Great, BlackLotus Windows UEFI Source Code Revealed To All

Source: Bleeping Computer Great, BlackLotus Windows UEFI Source Code Revealed To All

Examining The Way BlackLotus Wreaks Havoc On Windows Secure Boot

While source code leaks are often a bad thing, in this case it can only be considered wonderful.  BlackLotus, which we have covered before, has been horrifying security professionals and IT workers since it was first revealed.  It is capable of avoiding Secure Boot and TPM features to infect your drive’s EFI System Partition irrevocably, thus enabling it to launch malware at boot which is completely invisible to your operating system and antivirus protection.   The only fix found so far is quite complex to install and needs to be done manually on every single machine you want to secure.  Even better, getting it even slightly wrong will brick not only your local drive but also ensure you can’t use any tools to recover the lost data.

The release of BlackLotus’ source code on GitHub, or at least most of it, will let bad actors design new flavours of bootloaders to invisibly infect machines without having to fork over the several thousand dollars the designers charged for access.   There isn’t really any good news to accompany this, as what was leaked had already been discovered by security researchers and doesn’t add to their knowledge.  What is does do is make it much easier to use this code in conjunction with other bootloader viruses to create new versions of BlackLotus type attacks, which we have no way to detect let alone provide protection against.

At least it’s the weekend soon?

The source code for the BlackLotus UEFI bootkit has leaked online, allowing greater insight into a malware that has caused great concern among the enterprise, governments, and the cybersecurity community.

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About The Author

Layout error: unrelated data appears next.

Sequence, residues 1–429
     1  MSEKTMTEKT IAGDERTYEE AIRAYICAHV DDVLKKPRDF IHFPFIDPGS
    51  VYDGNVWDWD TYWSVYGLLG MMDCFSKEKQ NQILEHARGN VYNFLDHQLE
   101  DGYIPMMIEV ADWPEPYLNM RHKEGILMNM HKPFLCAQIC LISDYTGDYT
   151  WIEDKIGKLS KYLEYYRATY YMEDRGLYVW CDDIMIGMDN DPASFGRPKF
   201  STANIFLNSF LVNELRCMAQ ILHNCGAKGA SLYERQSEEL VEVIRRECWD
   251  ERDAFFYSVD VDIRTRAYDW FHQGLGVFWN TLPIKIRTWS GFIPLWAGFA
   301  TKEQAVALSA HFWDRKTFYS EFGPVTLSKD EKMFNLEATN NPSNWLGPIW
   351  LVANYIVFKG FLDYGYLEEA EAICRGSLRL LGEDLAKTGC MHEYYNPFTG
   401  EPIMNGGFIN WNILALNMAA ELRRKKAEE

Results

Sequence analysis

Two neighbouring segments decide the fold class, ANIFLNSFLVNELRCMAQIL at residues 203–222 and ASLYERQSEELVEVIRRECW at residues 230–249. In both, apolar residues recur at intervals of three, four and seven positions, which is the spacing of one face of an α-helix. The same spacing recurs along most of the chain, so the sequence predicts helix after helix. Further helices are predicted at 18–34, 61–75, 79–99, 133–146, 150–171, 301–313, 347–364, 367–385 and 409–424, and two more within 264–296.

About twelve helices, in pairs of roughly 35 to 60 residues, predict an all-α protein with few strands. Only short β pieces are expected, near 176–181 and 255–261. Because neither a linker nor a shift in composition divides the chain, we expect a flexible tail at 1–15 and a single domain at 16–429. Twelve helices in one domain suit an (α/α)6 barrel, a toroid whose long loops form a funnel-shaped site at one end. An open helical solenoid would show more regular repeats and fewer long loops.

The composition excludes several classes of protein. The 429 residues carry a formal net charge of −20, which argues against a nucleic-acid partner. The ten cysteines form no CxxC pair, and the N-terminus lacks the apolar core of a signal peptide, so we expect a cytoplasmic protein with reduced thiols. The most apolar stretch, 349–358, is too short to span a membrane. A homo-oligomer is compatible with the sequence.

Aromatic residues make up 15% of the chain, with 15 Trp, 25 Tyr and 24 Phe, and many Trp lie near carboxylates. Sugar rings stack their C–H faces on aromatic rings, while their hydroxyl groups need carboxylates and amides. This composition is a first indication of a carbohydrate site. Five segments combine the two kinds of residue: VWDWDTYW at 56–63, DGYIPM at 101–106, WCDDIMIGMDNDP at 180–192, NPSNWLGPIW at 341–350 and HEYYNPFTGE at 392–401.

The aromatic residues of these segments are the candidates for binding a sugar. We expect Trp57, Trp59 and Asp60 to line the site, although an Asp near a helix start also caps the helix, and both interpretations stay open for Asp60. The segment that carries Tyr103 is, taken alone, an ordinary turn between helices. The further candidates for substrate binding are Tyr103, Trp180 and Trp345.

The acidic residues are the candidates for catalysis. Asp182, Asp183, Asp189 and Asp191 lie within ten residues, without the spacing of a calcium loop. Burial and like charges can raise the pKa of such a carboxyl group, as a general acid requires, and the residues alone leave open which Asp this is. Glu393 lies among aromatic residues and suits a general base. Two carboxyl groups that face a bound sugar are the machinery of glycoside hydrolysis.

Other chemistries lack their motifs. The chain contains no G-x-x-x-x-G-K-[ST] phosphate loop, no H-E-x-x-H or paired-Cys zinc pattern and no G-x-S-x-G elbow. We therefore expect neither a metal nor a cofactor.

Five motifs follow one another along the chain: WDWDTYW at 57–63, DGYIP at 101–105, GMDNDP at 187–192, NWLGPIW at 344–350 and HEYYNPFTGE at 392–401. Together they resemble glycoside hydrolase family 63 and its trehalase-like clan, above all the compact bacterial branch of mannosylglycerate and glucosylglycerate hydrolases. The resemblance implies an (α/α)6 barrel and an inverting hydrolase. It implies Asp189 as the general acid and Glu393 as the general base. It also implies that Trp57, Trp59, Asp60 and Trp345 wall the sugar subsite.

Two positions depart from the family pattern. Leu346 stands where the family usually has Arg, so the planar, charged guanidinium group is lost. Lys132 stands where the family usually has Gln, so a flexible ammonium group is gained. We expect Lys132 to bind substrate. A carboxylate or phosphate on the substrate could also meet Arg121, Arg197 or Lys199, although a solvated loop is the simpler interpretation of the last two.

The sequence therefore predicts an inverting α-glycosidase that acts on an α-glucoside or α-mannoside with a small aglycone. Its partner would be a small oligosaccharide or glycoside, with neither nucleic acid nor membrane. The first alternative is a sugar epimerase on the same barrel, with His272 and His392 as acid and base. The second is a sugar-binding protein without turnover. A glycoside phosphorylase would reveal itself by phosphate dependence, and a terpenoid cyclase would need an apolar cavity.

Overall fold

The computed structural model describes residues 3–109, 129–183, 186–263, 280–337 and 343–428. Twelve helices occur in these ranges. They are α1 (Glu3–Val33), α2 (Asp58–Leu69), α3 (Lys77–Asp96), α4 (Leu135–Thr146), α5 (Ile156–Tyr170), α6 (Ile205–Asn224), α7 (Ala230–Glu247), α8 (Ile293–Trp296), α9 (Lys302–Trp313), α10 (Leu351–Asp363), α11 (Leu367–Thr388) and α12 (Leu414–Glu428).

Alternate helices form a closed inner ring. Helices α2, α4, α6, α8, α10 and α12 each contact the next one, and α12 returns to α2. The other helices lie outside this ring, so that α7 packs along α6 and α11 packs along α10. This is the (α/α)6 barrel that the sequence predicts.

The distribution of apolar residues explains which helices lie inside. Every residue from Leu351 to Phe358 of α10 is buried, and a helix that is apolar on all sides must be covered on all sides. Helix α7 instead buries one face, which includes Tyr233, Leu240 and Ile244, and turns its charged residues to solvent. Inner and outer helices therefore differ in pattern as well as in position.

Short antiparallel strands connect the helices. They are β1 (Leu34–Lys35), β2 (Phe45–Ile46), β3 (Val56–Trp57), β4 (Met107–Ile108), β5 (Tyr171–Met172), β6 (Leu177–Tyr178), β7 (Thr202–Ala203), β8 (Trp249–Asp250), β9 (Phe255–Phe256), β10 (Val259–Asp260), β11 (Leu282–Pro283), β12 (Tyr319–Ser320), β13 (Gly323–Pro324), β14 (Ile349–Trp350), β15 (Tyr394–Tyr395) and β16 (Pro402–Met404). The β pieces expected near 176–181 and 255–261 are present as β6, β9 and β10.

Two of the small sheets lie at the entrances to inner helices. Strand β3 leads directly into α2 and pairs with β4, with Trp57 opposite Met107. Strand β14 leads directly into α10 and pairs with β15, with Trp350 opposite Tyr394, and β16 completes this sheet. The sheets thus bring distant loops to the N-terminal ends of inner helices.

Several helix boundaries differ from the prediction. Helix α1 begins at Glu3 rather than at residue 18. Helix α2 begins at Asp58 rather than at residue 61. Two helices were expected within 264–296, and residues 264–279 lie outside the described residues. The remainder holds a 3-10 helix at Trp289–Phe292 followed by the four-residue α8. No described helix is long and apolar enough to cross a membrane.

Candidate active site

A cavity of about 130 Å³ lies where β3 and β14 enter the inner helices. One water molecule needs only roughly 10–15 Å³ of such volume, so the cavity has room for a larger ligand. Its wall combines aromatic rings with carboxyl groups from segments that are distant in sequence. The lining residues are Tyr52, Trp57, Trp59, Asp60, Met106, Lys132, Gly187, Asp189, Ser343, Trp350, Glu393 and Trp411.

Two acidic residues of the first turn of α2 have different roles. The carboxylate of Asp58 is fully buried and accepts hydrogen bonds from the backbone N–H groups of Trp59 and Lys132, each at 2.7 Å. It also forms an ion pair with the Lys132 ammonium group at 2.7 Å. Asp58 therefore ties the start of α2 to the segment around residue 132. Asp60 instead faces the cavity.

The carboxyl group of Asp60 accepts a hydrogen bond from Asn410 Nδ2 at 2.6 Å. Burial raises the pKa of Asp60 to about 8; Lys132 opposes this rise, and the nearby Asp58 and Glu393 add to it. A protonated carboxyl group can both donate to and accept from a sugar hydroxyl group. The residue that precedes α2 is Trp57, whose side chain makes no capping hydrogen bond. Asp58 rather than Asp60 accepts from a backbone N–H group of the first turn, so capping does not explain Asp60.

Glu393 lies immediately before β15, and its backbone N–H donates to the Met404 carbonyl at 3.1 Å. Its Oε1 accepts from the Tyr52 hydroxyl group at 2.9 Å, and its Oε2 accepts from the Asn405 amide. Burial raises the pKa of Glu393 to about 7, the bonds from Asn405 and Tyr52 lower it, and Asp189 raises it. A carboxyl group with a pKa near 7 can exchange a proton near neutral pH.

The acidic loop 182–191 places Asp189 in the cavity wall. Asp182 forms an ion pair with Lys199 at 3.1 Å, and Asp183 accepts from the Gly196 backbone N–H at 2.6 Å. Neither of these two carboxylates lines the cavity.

Jeremy Hellstrom

Call it,, or PC Perspective, Jeremy has been hanging out and then working with the gang here for years. Apart from the front page you might find him on the BOINC Forums or possibly the Fraggin' Frogs if he has the time.


  1. Ray Mcsriff

    From what I understand (and from what the Bleeping Computer article says), BlackLotus infects the bootloader/Windows EFI partition (which is on the DRIVE). It doesn’t infect the UEFI firmware, meaning, it doesn’t infect the storage device (flash or whatever) where the UEFI firmware is. You state “motherboards EFI System Partition”, but that’s non-sensical. The EFI system partition is on the drive. The problem here is detection, since it bypasses secureboot/TPM, it is what they refer to as a “bootkit”. It’s going to be difficult to detect it if you’re booting from the drive, but not impossible. The article lists suggestions from the NSA and MS on how to detect it, and in most scenarios not involving critical data recovery, deleting all partitions and starting over is going to be the default response, just like any other infection.

    The truly terrifying scenarios would involve actually infecting the storage where the UEFI firmware is (which I think has been confirmed to have happened in the wild, and has been demonstrated by researchers). A less scary. but still worse scenario would be infecting the firmware of the drive (probably possible/has happened as well). I’m sure states and high level actors have been doing this more frequently than we know for a long time, but in the future, these types of techniques will filter down to the more common actors (either through leaks of proof-of-concepts, or just organically), then things will get very interesting (i.e. when you’re owned, your motherboard and drive will be bricks). The good news is, security is so bad that the common actors have little incentive to spend their precious criminal time on researching that, when there’s so much low hanging fruit ($) to be had.

    • Jeremy Hellstrom

      thanks for catching my brainfart, replaced motherboards with drive’s.


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